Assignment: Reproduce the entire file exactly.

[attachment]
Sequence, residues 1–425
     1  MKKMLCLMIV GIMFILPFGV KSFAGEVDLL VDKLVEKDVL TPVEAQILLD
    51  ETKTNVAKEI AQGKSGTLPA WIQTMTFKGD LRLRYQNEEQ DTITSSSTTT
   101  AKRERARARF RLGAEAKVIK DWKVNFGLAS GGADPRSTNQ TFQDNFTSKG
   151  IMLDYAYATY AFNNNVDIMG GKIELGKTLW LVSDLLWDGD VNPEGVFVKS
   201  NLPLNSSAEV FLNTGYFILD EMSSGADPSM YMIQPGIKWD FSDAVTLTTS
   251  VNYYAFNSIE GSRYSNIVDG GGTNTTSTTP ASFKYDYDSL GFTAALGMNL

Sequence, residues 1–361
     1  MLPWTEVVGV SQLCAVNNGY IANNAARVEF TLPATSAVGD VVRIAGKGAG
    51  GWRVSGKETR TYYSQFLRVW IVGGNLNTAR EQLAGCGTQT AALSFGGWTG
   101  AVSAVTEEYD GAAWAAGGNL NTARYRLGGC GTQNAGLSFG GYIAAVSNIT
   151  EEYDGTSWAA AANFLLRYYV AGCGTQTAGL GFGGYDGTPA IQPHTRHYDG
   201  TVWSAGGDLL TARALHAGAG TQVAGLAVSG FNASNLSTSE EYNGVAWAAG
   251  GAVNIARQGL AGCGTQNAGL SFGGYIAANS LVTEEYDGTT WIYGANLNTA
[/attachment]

Sequence, residues 1–425
     1  MKKMLCLMIV GIMFILPFGV KSFAGEVDLL VDKLVEKDVL TPVEAQILLD
    51  ETKTNVAKEI AQGKSGTLPA WIQTMTFKGD LRLRYQNEEQ DTITSSSTTT
   101  AKRERARARF RLGAEAKVIK DWKVNFGLAS GGADPRSTNQ TFQDNFTSKG
   151  IMLDYAYATY AFNNNVDIMG GKIELGKTLW LVSDLLWDGD VNPEGVFVKS
   201  NLPLNSSAEV FLNTGYFILD EMSSGADPSM YMIQPGIKWD FSDAVTLTTS
   251  VNYYAFNSIE GSRYSNIVDG GGTNTTSTTP ASFKYDYDSL GFTAALGMNL

Sequence, residues 1–361
     1  MLPWTEVVGV SQLCAVNNGY IANNAARVEF TLPATSAVGD VVRIAGKGAG
    51  GWRVSGKETR TYYSQFLRVW IVGGNLNTAR EQLAGCGTQT AALSFGGWTG
   101  AVSAVTEEYD GAAWAAGGNL NTARYRLGGC GTQNAGLSFG GYIAAVSNIT
   151  EEYDGTSWAA AANFLLRYYV AGCGTQTAGL GFGGYDGTPA IQPHTRHYDG
   201  TVWSAGGDLL TARALHAGAG TQVAGLAVSG FNASNLSTSE EYNGVAWAAG
   251  GAVNIARQGL AGCGTQNAGL SFGGYIAANS LVTEEYDGTT WIYGANLNTA